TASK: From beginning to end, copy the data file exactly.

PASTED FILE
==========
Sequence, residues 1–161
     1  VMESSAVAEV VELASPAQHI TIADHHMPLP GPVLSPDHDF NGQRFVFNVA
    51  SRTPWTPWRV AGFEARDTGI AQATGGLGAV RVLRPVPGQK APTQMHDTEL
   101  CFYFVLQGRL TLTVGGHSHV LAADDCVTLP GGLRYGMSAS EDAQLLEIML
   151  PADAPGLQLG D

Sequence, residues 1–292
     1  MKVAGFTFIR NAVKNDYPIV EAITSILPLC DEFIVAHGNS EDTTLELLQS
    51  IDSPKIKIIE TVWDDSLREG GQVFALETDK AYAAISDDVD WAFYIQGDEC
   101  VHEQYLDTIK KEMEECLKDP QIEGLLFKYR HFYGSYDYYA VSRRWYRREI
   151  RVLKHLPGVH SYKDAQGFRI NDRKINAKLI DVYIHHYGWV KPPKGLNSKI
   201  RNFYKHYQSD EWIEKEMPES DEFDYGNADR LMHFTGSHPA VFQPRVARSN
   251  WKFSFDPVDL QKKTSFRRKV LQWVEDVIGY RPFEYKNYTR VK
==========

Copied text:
Sequence, residues 1–161
     1  VMESSAVAEV VELASPAQHI TIADHHMPLP GPVLSPDHDF NGQRFVFNVA
    51  SRTPWTPWRV AGFEARDTGI AQATGGLGAV RVLRPVPGQK APTQMHDTEL
   101  CFYFVLQGRL TLTVGGHSHV LAADDCVTLP GGLRYGMSAS EDAQLLEIML
   151  PADAPGLQLG D

Sequence, residues 1–292
     1  MKVAGFTFIR NAVKNDYPIV EAITSILPLC DEFIVAHGNS EDTTLELLQS
    51  IDSPKIKIIE TVWDDSLREG GQVFALETDK AYAAISDDVD WAFYIQGDEC
   101  VHEQYLDTIK KEMEECLKDP QIEGLLFKYR HFYGSYDYYA VSRRWYRREI
   151  RVLKHLPGVH SYKDAQGFRI NDRKINAKLI DVYIHHYGWV KPPKGLNSKI
   201  RNFYKHYQSD EWIEKEMPES DEFDYGNADR LMHFTGSHPA VFQPRVARSN
   251  WKFSFDPVDL QKKTSFRRKV LQWVEDVIGY RPFEYKNYTR VK